Fergus Lamb is a second year English student at Wolfson CollegeRosie Bradbury

“Do you think Willy Wonka ever allowed the Oompa-Loompas to unionise?” asks Fergus Lamb (second year, Wolfson). Our giggling is followed by a moment of deep contemplation. We mull over the ways in which Roald Dahl’s famous chocolate factory also happens to be a fantastical vehicle of capitalism and colonialism. Before Dahl’s rewrites, the Oompa-Loompas were portrayed as African pygmies who were paid in cocoa beans. Perhaps this veered too dangerously close to the history of slavery, indentured servitude, and labour exploitation across the British Empire: Dahl rewrote them with white skin and golden hair. Our exercise, while humorous, serves to underscore what Fergus believes is necessary about approaching the English Tripos critically.

Growing up in Kent, Fergus was for a long time unaware of the colonial undertones in the literature he was reading. “You adopt racist viewpoints when you’re raised in a racist society,” he remarks. Being white, British and male, Fergus had a comfortably Eurocentric upbringing that involved an uncritical imbibing of ‘canonical’ texts and their portrayal of race relations and colonial dynamics. “When we’re young, we’re always being taught how to understand the world through ideology and political thinking,” Fergus asserts. This necessarily culminated in a worldview that divided whites and nonwhites, or, as articulated by postcolonial thinker Edward Said, a worldview in which the white Western ‘Self’ can only define itself in relation to the ‘inferior’, non-white, Eastern ‘Other’. Fergus notes the ease with which this became his predominant way of viewing the world before his encounter with postcolonial critics.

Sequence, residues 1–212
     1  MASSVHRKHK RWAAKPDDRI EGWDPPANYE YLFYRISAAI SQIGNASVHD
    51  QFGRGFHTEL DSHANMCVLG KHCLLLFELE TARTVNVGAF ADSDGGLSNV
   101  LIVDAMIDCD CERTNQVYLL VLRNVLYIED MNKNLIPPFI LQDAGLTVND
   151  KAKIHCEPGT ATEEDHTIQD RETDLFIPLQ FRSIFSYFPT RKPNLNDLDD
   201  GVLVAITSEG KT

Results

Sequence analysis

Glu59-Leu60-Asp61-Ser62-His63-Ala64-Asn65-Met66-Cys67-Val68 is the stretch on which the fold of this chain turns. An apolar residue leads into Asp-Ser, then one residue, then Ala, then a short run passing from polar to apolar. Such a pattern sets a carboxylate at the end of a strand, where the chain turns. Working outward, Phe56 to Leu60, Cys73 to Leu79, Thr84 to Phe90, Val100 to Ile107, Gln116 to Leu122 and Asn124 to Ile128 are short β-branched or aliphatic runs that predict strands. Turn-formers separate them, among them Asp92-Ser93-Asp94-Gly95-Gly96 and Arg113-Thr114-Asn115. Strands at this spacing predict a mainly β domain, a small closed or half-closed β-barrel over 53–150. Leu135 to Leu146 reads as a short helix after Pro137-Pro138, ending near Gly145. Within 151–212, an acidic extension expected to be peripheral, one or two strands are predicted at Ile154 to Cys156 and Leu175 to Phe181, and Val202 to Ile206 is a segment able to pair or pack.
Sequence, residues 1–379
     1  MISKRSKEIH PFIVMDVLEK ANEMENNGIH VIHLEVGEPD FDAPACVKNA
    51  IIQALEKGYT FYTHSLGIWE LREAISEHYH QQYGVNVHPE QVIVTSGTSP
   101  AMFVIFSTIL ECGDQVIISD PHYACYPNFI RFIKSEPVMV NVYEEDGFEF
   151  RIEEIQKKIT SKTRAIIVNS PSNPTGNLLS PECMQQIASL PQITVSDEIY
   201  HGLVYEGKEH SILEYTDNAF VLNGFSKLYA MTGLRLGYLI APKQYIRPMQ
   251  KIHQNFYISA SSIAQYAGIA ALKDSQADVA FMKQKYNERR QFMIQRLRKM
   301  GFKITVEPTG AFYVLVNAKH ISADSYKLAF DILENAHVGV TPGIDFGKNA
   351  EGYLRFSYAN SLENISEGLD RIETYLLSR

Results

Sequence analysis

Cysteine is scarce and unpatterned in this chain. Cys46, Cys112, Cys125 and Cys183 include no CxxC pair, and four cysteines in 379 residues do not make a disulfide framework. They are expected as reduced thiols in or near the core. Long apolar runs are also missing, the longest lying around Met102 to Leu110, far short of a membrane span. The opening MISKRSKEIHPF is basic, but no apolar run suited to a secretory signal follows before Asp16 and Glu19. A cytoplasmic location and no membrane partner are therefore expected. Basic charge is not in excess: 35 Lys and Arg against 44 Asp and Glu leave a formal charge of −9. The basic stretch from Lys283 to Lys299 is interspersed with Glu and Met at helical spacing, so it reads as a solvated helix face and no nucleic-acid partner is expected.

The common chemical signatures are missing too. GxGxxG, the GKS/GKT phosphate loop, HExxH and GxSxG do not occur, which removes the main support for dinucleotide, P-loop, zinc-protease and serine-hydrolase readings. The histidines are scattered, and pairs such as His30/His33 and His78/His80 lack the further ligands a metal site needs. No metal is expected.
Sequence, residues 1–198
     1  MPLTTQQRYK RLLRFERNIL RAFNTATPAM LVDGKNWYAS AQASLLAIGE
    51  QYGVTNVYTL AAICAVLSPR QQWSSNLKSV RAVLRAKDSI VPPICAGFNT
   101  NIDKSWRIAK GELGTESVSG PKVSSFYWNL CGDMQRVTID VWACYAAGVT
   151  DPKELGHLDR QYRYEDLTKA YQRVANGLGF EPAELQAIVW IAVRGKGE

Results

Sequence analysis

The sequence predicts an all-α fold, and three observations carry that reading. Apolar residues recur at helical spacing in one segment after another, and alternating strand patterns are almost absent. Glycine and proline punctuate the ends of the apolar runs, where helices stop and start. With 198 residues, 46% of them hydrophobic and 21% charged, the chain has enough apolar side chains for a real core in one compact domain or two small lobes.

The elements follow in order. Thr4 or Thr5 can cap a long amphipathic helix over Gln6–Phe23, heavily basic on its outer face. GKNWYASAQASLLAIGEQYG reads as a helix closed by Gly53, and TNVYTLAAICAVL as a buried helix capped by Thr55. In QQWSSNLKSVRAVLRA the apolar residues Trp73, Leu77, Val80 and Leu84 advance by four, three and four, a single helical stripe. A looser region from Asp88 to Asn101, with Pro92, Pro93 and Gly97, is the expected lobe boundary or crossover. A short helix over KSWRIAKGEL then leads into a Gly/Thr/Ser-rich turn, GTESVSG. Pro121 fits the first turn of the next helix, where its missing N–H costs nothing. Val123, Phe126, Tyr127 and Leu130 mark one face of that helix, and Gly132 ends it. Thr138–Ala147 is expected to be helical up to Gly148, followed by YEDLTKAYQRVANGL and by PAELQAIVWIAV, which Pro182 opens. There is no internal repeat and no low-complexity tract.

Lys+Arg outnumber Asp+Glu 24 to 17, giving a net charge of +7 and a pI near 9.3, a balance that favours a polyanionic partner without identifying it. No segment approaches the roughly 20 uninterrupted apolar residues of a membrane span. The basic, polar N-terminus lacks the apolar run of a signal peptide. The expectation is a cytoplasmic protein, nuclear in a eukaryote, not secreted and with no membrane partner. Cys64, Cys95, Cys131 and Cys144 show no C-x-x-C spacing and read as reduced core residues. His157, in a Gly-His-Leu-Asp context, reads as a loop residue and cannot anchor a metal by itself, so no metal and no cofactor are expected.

“It is important that we do study and critique these old, stale, white writers,” Fergus argues, “because they’re still popular”

Reading Nigerian author Chinua Achebe’s famous lecture “An Image of Africa” inaugurated Fergus’s process of critically rethinking the worldview he grew up with. Achebe powerfully challenges Joseph Conrad’s Heart of Darkness and its depiction of Africa as “a foil to Europe, as a place of negations at once remote and vaguely familiar, in comparison with which Europe's own state of spiritual grace will be manifest”. Conrad, he says, portrays Africa as "'the other world', the antithesis of Europe and therefore of civilization", which Achebe attributes to Conrad's "residue of antipathy to black people".